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Basquiat-Warhol: a rare artistic duo, reunited in Paris

By Eric RANDOLPH Published Apr 03, 2023 8:02 pm

There are vanishingly few great collaborations in the annals of fine art. For a brief moment in the 1980s, Andy Warhol and Jean-Michel Basquiat showed the world how it was done. 

It started with a bang. Warhol, 54, met Basquiat, 22, for lunch in October 1982 and took a polaroid of them together.

Basquiat took it to his studio and returned just two hours later with a portrait. Warhol was stunned by its brilliance.

Soon they were working together on portraits that combined their favoured tropes: Basquiat's masks, skulls, graffiti and obscure symbols; Warhol's pop-art imagery, logos and newspaper headlines.

The brief, intense collaboration lasted from 1983 to 1985 and produced some 160 works.

An unprecedented number of them—70—have been brought together for a show at the Louis Vuitton Foundation in Paris that opens Wednesday, mostly plucked from private collections.

"It's definitely the most successful collaboration in the history of art between two great artists. It's never been matched at this level or in this short space of time," said Dieter Buchhart, the show's lead curator and a Basquiat expert.

In room after room, two different aesthetics, generations and temperaments collide—and find an unexpected synergy. 

"It is neither Warhol, nor Basquiat, but a third artist that emerges," said Suzanne Page, the museum's artistic director.

"There was a great generosity between the two. They played with and provoked each other," she told AFP. "Warhol allowed himself to be completely subverted by Basquiat's interventions."

At their best, it is hard to tell where one artist begins and the other ends, as in the monumental, 10-metre-long (33 feet) "African Masks". 

Others are unexpected: "Ten Punching Bags", never shown in their lifetimes, has the bags suspended in a line and decorated with the face of Jesus Christ inspired by Leonardo da Vinci's "The Last Supper", drawn by Warhol with the word "judge" and a crown of thorns added by Basquiat.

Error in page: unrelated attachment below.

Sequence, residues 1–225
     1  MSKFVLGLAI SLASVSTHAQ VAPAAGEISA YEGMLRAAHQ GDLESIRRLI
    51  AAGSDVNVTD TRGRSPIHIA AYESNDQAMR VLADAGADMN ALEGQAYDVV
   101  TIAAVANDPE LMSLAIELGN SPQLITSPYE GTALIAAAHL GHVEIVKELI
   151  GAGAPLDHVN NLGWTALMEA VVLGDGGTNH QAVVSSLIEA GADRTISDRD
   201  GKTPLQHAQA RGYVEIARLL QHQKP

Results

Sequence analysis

Cartoonist Keith Haring, a close friend of both—and who makes a cameo in the exhibition—praised their collaboration at the time as a "conversation in painting."

But there were doubters as well. Many felt portraits should be the singular vision of an individual artist. 

Their supporters saw the two artists more like great jazz musicians, riffing off each other. Basquiat was inspired by the master, Warhol was reinvigorated by his young friend.  

"It released an incredible energy," said Page, and on a more straightforward level, they shared an intuitive genius for composition and combining colours. 

If Basquiat was the more serious, the more socially engaged—"carried by anger" at the invisibility of black people—Warhol was not as detached as he sometimes came across. 

"He accepted the social engagement side of Basquiat, and shared it," Page said. "Warhol was engaged too, in his own way. He was a very complex creature."

What might have been seen as insolence in Basquiat's approach—scrawling over works that Warhol had left around his Factory studio, for example—was totally accepted by the elder artist.

Their collaboration ended happily. But within two years both were dead—Warhol following routine surgery and Basquiat from a heroin overdose. Already global superstars, their fame would only continue to grow. (AFP)